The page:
Good computers can do wonders for a charitable organization, but they’re often unaffordable. The Electronic Recycling Association (ERA) has a solution.
Many corporations do an IT refresh every three years, and the retired computers are often still useable. ERA collects and refurbishes them, then distributes the rebuilt machines to people and organizations that need them. In 2015 ERA donated 1,100 computers across Canada.
“It’s a really simple process,” says Kristi Gartner, marketing and communications manager. “We’re taking something that’s a necessary evil that needs to be dealt with, and making it good for people.”
Kristi says she often receives pictures and stories from the recipients of the computers, sharing how the computers have made a difference in their lives.
This spring, ERA transformed the computer system of the Rehabilitation Society of Calgary. The society provides social, educational and basic life skills to people with special needs. Its members were struggling to get by with the facility’s antiquated computers. The society’s website hadn’t been updated since 2002.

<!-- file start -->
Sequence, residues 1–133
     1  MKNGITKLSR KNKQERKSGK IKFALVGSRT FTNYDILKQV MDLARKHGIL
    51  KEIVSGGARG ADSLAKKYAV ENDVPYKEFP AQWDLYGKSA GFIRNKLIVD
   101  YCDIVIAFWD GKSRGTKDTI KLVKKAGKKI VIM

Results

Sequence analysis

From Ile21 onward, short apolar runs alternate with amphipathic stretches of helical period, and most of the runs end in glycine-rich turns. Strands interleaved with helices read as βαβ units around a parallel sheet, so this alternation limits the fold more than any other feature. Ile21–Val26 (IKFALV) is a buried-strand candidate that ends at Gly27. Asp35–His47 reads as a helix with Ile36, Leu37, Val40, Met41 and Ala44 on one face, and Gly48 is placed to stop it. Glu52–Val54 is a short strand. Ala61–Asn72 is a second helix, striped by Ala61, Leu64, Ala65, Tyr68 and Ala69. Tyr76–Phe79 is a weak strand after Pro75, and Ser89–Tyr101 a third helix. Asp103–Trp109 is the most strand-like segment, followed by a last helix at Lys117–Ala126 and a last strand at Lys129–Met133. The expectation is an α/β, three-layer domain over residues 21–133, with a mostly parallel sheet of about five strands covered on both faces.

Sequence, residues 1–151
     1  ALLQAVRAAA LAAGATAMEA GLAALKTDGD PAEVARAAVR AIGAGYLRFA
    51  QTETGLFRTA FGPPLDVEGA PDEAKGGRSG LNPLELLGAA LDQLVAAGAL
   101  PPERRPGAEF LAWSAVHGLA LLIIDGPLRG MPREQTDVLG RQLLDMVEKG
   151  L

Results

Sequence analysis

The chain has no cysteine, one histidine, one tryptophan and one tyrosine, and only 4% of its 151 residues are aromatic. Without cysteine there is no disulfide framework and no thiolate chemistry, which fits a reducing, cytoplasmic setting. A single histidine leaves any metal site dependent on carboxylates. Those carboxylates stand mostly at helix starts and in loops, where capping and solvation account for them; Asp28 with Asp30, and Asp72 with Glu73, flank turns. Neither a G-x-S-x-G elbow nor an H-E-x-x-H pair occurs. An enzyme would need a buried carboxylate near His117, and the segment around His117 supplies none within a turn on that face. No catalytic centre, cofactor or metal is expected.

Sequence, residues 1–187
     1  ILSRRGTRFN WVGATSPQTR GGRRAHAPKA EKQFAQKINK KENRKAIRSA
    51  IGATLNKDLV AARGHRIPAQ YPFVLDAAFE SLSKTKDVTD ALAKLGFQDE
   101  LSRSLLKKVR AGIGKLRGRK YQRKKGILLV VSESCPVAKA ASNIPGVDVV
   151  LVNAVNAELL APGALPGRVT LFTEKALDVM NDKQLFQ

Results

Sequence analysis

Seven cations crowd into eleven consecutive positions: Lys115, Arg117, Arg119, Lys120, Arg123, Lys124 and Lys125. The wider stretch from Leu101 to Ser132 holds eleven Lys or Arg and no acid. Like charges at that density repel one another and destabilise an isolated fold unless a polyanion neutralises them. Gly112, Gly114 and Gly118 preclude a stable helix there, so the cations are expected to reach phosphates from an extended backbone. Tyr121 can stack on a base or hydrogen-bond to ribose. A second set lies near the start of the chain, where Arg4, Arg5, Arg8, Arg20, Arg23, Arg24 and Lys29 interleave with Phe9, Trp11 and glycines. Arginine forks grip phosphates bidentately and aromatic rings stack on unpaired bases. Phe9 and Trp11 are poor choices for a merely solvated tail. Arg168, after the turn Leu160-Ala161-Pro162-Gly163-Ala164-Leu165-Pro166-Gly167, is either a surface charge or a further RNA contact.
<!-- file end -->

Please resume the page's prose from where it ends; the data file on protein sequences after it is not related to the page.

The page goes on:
With the help of a local IT professional – who volunteered 350 hours for the endeavour – ERA set up a fully-functional computer lab with computers, servers and laptops. And the Rehabilitation Society of Calgary website got a long-overdue facelift. The society’s members were delighted.
Other recipients have included Women in Need Society (WINS) and Momentum, both REAP members. The largest donation to date was 225 computers to the Tsuu T’ina Nation school board.
“We’ve helped a lot of people get back on their feet, being able to look for jobs or even just stay in contact with their support networks,” says Kristi. “Technology is so important – you don’t really realize that until you don’t have it.”
In the restoration process, ERA wipes all data from the equipment and installs a new, current version of Windows 7 on the computers; therefore it cannot accept Windows XP systems or older. All equipment that can’t be restored is kept for parts or recycled.
Kristi hopes that one day the provincial government will make e-cycling, with reuse as the primary course of action, mandatory.